To be fair to those I have mentioned, so many others all over the pitch had a nightmarish second half and I think it has to be said that only the much maligned Mark Hudson emerged with any credit – while too many showed the familiar failing of taking a backward step when things got tough, Hudson put in a decent shift over the whole ninety minutes and I would say that he has been head and shoulders above his team mates when it comes to performance levels over the past three matches.
Over the past seven months it has been my habit to point blame more at the players than Dave Jones when things go wrong, but, this time I have to go back to our manager. I agreed with an awful lot of what Dave Jones said in his post match interviews (what he had to say to the BBC can be seen here) and it was good to hear him acknowledge his share of the blame for yesterday’s debacle, but there are two matters which he didn’t talk much about that have someone as supportive of him as I have been beginning to wonder if it is time for a change of manager.
Firstly, although the way we start matches poorly has been commented on quite often this season, there hasn’t been as much said about how we take time to get going after the interval as well. Yesterday was different – we never got going at all in the second half and so, not for the first time, I find myself asking what on earth was said to the players during the half time break? According to Dave Jones it was along the lines of “more of the same lads”, but it didn’t half look to me as if they came out with a what we have we hold mentality which, if true, represented a change of approach from the closing minutes of the first half when they continued to push forward even though they were a goal up.
Now, if I am right, the natural question to arise is where did that change in attitude come from and the obvious answer is the manager and, possibly, his coaching staff – even if I am wrong and the players just ignored what they had been told, that also doesn’t reflect well on our manager.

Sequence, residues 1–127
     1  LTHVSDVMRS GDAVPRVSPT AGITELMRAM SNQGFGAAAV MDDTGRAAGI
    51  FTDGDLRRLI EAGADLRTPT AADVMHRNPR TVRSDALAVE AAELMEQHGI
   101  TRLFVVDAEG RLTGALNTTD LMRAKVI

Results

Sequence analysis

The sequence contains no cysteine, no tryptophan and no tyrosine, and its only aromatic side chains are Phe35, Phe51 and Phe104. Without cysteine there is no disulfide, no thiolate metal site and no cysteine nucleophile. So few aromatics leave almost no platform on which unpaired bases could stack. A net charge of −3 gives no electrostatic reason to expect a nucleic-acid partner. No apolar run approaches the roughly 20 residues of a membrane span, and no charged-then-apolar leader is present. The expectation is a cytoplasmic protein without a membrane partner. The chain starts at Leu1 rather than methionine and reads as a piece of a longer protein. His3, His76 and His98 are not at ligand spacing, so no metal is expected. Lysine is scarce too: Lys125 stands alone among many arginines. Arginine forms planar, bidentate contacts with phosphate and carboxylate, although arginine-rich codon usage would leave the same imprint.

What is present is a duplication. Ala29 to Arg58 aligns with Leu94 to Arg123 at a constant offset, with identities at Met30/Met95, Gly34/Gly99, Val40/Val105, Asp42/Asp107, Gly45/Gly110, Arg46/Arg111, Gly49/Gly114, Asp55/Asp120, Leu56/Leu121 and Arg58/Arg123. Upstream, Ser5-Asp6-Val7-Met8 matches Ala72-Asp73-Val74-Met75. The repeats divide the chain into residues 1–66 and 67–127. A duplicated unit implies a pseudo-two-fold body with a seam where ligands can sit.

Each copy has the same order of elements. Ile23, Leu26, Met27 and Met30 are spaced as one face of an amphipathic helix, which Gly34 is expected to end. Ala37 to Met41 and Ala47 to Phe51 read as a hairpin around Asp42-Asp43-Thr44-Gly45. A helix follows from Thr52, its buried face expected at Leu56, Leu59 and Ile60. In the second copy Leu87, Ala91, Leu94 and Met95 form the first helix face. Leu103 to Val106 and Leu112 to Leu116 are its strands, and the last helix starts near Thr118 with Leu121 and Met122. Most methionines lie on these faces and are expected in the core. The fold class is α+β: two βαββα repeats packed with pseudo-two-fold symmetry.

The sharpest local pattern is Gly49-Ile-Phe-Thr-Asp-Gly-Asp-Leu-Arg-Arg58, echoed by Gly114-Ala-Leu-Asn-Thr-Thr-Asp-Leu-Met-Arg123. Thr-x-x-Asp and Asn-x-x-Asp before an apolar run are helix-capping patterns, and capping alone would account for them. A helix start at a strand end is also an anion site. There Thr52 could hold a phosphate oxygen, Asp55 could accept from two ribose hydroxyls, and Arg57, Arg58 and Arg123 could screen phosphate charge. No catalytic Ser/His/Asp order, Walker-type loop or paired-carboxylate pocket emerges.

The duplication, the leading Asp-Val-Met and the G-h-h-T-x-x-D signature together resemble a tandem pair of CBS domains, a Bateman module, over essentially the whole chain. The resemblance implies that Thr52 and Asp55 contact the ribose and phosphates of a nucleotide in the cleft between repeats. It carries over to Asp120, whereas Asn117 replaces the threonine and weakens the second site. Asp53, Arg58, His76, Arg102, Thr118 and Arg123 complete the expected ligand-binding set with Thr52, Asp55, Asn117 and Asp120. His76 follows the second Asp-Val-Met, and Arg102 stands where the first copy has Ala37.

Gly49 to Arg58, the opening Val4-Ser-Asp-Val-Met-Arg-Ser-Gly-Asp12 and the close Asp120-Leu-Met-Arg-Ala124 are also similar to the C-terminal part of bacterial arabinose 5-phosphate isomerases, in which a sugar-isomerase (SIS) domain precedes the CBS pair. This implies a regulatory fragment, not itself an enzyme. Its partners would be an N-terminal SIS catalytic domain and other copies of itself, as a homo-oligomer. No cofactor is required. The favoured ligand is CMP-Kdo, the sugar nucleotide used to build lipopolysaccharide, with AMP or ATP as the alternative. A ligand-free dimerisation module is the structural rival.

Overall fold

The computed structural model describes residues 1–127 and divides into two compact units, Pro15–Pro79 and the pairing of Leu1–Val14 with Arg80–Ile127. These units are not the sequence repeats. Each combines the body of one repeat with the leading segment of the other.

The second point is the way Dave Jones used his substitutes. The first fifteen minutes of the second half saw some awful football as Ipswich, by and large, played as poorly as City were. However, while Roy Keane took steps to rectify the situation by making his two remaining substitutions, Dave Jones kept things as they were despite the fact that there were five or six genuine candidates for the “hook” in his side. If our manager thought that things couldn’t keep on going as badly as they were, then he was proved to be utterly wrong in that viewpoint as Keane’s substitutions helped his side seize the initiative in the last half an hour. When Dave Jones was finally moved to look to the bench after each of Ipswich’s goals, it smacked of tokenism and, although Ross McCormack did nothing at Swansea or Barnsley to merit inclusion from the start yesterday, he has shown in the past that he is someone who can come up with something special to change a game – with us playing so appallingly, I cannot begin to understand why Dave Jones only saw fit to give McCormack just the last four minutes to try and turn things around.
So, the team did nothing yesterday to lift the morale of supporters who have been left shocked and angry by the disclosure that the club were up in front of the beak last week for non payment of taxes and it was very disappointing to hear Dave Jones follow the Ridsdale lead of shifting blame on to those who broke the story rather than addressing the issue itself. While it was good to hear him refusing to blame last week’s events for the performance yesterday (after all if the players were reacting to something they had be told about the club’s financial position, why did they play pretty well in the first half?), the reaction which sees club officials having a go at the press for breaking the story they refused to tell us about smacks of a five year old who believes that if they ignore something unpleasant long enough it will go away – memo to Mr Ridsdale, the court hearing didn’t take place because of what the Echo printed, it took place because you and other highly paid officials at the club didn’t do your job properly.by The other Bob Wilson
The 1967/68 campaign had been a case of that difficult third season so far for John Toshack as he made his way to Ninian Park on 7 October 1967 for the game with Ipswich Town.
Aaron Ramsey became the youngest City player to feature in a league match when he made an appearance at the age of sixteen years and four months as a substitute against Hull in April 2007, but Toshack had been the previous holder of that record when he also came off the bench at the age of sixteen years and seven months to play, and score, in a 3-1 win over Leyton Orient. Toshack was in from the start the following week at Middlesbrough and scored twice this time as City won 4-3.